A Guide to the United States’ History of Recognition, Diplomatic, and Consular Relations, by Country, since 1776: Bahrain
In 1968, when the British Government announced its decision (reaffirmed in March 1971) to end the treaty relationships with the Persian Gulf sheikdoms, Bahrain initially joined the other eight states (Qatar and the seven Trucial Sheikhdoms now the United Arab Emirates) under British protection in an effort to form a union of Arab emirates. The nine sheikhdoms still had not agreed on terms of union by 1971, however, prompting Bahrain to declare itself fully independent on August 15, 1971.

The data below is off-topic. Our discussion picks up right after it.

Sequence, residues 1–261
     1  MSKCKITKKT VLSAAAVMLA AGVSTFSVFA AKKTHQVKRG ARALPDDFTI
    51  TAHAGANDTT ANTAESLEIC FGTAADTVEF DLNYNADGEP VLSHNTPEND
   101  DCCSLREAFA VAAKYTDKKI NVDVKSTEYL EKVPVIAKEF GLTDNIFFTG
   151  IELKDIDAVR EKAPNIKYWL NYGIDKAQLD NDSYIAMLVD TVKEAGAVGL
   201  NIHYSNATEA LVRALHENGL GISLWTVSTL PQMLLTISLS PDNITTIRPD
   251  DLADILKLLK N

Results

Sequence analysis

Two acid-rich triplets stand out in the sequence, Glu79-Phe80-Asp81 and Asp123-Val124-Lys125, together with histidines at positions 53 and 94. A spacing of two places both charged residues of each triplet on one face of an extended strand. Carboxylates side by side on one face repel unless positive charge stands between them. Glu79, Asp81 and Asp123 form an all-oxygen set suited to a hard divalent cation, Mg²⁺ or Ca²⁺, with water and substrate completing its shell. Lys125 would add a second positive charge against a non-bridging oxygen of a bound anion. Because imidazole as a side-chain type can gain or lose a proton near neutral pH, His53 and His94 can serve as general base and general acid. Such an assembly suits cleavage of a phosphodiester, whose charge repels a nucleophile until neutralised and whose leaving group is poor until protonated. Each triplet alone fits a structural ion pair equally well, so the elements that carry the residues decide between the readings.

U.S. Recognition of Bahraini Independence, 1971.
The United States recognized the State of Bahrain on August 15, 1971, when the Department of State issued a press release to that effect.
Establishment of Diplomatic Relationsand the American Embassy in Bahrain, 1971.
Embassy Manama was opened on September 21, 1971, with John N. Gatch, Jr. as Chargé d’Affaires ad interim. Ambassador William A. Soltzfus, Jr. presented credentials to the government of Bahrain on February 17, 1972 and was resident at Kuwait for the duration of his posting.
Installation of American Ambassador at Manama, 1974.
Ambassador Joseph W. Twinam presented credentials to the government of Bahrain on June 10, 1974, and became the first American ambassador resident at Embassy Manama.